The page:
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Uploaded By: PRESIDENT on July 14th, 2012

Summer Olympic Field Hockey Champions - India - 1936 - British Indian Empire - Indian Empire.
On the morning of the final, the entire team was nervous since they had been defeated the last time they had faced Germany. In the locker room, Pankaj Gupta produced a Congress tricolour. Reverently the team saluted it, prayed and marched onto the field. A crowd of 40,000 that included the Maharaja of Baroda and a large number of Indians who had travelled from all over the Continent and England had turned out to see the final battle. The audience included Adolf Hitler, and top Nazi officials like Hermann Goering, Joseph Goebells, Joachim Ribbentrop and others. The game was packed with thrilling incidents, the final had the vast crowd at the edge of their seats. The Germans undercut and lifted the ball in a game played at a very fast pace. Twice India's Dara tried to score but was off-side on both occasions. Germany had been successful at stopping the Indian forwards and it was becoming very difficult for the Indians to score.

It was clear that the first goal scored would be important. In the 32nd minute, Roop Singh scored from a difficult angle after getting a pass from Jafar. This was the only goal India scored till half-time.

During the break, Dhyan Chand huddled his team together and congratulated them on their play so far. He cautioned them that the one goal lead was very small, and that Germany could equalise anytime.

The Indian team got into their rhythm in the second half. Dhyan Chand scored in the opening minutes of the half. India then scored a barrage of goals - four in five minutes to seal the fate of the match.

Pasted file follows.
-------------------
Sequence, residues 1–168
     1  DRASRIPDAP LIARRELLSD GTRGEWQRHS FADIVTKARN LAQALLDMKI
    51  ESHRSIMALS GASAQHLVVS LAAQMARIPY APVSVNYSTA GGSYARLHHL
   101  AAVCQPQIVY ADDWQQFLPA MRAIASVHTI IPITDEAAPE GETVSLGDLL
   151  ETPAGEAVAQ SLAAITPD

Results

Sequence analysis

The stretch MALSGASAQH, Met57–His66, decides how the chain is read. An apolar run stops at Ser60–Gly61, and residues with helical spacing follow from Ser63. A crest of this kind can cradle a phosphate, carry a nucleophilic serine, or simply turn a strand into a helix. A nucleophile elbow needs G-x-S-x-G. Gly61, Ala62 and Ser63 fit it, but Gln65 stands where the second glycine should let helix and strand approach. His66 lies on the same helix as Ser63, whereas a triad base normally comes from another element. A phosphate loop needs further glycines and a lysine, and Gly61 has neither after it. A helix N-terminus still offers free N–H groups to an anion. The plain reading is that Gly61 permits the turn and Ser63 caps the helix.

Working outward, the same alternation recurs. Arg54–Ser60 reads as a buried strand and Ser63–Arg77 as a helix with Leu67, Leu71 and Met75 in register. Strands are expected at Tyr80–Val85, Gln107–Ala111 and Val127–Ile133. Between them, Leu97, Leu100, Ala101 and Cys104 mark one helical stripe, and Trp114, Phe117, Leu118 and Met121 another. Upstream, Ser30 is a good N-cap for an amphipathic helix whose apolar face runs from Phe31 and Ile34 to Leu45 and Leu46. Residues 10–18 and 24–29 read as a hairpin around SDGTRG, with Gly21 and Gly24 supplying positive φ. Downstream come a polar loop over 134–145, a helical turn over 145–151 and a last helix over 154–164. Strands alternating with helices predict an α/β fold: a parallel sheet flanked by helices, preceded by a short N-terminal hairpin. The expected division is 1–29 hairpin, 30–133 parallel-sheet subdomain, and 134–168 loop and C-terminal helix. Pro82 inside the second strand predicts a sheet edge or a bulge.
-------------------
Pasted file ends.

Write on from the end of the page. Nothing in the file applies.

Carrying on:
Roop Singh had an interesting observation on this stage of the match, "Dhyan Chand, a supremely unselfish artist who never held on to the ball for even a second more than necessary, was seen in a rare selfish mode. He shouted to us - direct all passes to me, I will take care from there on."

As the ground was still slippery due to the rain, Dhyan Chand discarded his spiked shoes and stockings and played with his bare feet and rubber soles. It was the incredible stickwork of Dhyan Chand that had the crowd gasping. The way he moved with the ball, as if it was stuck to his hockey stick, puzzled all those who were present.

A newspaper described Dhyan Chand's game as "a flick of the wrist, a quick glance of his eyes, a sharp turn and then another turn, and Dhyan Chand was through."

After India had scored four goals, Germany finally opened its account off a rebound from goalkeeper Richard Allen. This was the first goal conceded by India in the Olympic tournament. It would be the only goal they would concede.

After the sixth goal scored by India, the Germans decided to go after the Indian captain. The German players started to play aggressively and go for rough tackles on Dhyan Chand. The German goalkeeper even broke one of Dhyan Chand's teeth in a clash.

After receiving first aid, Dhyan Chand came back to the field and instructed his team not to score any more goals. "We must teach them a lesson in ball control," he told his team.

The Indian team would take the ball to the German 'D', then back pass among themselves, then take it again to the goalmouth but not score. This strategy baffled the Germans. Dara and Dhyan Chand rounded off the tally in the last few minutes of the game to make the final score India 8 - Germany 1.

The goal scorers had been Roop Singh, Tapsell and Jafar with one each, Dara with two and skipper Dhyan Chand with three. Dara and Dhyan Chand had combined well, and proved to be the duo that undid the Germans.
Members of the 1936 Indian Olympic Team
Dhyan Chand (captain) -
Richard J. Allen (goalkeeper) -
Ali Iqtidar Shah Dara -
Lionel C. Emmett -
Paul Peter Fernandes -
Joseph Galibardy -
Earnest John Goodsir-Cullen -
Mohammed Hussain -
Syed Mohammed Jafar -
Ahsan Mohammed Khan -
Ahmed Sher Khan -
Mirza Nasir-ud-din Masud -
Cyril J. Mitchie -
Babu Narsoo Nimal -
Joseph Philips -
Shabban Shahab-ud-din -
Gurcharan Singh Garewal -
Roop Singh -
Carlyle C. Tapsell -

Sourced from http://www.sheetudeep.com.

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